KOKOMO, Ind. – Students in a north-central Indiana school district soon will be able to do their homework on the school bus, even it requires them to do research online.
Kokomo-Center Schools plans to equip all 65 of its school buses with wireless Internet access by the end of the school year. The plan is part of nearly $200,000 in transportation upgrades that also include a GPS tracking system for all 65 district buses. Installing the Internet service will cost $125,000, and annual service rates are $5,000, district spokesman Dave Barnes said Wednesday. Most of that annual fee is covered by a federal grant, he said.
District operations director Mike Wade told the Kokomo Tribune (http://bit.ly/Yrlv8U) that Wi-Fi will especially help students involved in extra-curricular activities like sports and marching band, giving them access to the Internet as they travel to and from competitive events.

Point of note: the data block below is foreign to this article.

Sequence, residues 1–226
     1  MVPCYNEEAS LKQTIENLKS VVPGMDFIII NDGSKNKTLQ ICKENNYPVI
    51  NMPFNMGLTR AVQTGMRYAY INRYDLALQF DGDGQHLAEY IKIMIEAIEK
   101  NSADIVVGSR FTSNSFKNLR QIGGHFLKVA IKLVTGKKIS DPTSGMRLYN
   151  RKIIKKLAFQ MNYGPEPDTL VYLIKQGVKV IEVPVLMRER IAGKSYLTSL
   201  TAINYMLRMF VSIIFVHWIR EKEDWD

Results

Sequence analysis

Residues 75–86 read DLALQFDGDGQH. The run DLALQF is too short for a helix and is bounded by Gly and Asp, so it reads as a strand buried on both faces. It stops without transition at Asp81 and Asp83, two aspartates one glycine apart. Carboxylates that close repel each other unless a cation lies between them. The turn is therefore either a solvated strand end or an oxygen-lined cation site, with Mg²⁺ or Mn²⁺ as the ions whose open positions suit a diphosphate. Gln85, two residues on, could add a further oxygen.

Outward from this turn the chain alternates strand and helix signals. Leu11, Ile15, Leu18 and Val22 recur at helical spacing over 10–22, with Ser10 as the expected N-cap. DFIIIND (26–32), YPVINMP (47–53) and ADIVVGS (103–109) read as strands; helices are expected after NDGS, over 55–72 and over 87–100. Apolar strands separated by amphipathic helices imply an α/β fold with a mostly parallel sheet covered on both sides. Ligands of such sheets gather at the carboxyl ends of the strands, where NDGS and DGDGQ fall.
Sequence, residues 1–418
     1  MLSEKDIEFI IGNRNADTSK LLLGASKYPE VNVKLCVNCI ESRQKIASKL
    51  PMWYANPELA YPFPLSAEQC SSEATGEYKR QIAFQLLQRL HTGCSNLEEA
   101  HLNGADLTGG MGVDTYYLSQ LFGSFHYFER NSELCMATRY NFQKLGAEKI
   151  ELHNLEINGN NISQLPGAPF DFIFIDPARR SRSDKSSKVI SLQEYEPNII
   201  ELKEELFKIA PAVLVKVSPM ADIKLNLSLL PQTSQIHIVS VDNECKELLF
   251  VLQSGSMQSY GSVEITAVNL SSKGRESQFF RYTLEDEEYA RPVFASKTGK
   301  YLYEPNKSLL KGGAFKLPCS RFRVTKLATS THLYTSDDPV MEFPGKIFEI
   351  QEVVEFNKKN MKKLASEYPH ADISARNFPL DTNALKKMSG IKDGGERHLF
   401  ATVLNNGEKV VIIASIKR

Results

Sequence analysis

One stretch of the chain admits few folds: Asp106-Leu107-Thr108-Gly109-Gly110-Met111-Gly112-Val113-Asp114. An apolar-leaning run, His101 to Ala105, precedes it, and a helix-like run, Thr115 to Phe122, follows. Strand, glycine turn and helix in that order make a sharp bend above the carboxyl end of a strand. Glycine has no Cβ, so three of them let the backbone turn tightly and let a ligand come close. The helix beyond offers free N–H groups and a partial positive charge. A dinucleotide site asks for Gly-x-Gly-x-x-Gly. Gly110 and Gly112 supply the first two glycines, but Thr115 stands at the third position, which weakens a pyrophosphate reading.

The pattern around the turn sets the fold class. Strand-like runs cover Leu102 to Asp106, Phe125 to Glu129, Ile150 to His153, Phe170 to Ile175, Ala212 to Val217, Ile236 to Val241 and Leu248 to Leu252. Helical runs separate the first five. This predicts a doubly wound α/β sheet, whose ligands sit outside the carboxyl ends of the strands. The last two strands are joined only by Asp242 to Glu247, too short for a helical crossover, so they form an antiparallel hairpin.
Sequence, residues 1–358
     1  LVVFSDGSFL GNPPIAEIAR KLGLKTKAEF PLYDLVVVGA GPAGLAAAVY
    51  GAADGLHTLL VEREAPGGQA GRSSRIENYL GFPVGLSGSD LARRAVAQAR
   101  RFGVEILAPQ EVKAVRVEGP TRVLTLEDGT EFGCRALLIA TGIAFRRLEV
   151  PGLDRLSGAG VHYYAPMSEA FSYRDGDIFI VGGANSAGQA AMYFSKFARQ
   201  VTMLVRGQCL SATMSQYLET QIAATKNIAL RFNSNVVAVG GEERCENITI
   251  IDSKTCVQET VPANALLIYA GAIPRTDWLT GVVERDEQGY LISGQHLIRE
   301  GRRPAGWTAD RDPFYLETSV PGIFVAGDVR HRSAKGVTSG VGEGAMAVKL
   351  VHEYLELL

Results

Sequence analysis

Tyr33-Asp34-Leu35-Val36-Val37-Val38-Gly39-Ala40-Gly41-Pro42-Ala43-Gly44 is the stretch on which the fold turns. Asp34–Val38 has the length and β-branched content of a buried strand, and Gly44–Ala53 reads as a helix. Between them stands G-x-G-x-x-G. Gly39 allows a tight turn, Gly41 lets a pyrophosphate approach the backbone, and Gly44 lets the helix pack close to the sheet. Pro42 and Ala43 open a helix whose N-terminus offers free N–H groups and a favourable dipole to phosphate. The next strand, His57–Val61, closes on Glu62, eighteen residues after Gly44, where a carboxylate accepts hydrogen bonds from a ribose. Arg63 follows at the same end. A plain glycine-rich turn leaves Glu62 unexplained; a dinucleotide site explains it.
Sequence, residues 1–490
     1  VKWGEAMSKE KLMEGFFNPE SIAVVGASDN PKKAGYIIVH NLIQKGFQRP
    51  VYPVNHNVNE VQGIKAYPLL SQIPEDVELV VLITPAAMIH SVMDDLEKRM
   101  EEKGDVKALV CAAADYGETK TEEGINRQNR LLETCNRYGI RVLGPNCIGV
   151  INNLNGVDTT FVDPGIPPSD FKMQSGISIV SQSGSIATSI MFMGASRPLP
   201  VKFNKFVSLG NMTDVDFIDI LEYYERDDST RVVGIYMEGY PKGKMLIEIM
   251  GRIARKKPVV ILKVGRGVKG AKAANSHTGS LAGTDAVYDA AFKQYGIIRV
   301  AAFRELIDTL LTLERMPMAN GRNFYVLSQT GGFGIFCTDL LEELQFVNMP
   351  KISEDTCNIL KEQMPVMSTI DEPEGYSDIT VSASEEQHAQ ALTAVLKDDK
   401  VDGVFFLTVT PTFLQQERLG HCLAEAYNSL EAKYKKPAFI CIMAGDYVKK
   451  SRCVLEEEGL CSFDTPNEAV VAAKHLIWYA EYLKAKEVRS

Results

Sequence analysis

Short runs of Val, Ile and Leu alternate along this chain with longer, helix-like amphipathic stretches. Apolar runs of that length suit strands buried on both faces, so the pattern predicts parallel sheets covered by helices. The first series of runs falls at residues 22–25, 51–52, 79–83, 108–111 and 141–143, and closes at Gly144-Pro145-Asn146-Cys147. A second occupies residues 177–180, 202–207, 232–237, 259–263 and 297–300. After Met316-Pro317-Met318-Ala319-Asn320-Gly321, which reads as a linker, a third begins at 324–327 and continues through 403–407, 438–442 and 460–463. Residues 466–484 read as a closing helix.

“This is huge,” Wade said. “I remember as a coach, driving 2 1/2 hours to Richmond. If I could have done my work, that would have been great.”
Barnes said some homework must be done on a computer. “If I have an essay or a paper to do, I need a computer for that,” Barnes said.
While students might be tempted to surf the Web instead of doing their homework, their access to the Internet will be limited by the district’s network, which doesn’t allow access to social networking and other sites that may be unrelated to school, Barnes said.
The district plans for every high school student to have a laptop within three years. Freshmen already have theirs, Barnes said.
The planned upgrades also include GPS on every bus, which will allow parents and school officials to track buses along their routes, the Tribune reported. The GPS technology will cost $60,000 initially and $25,000 a year after that.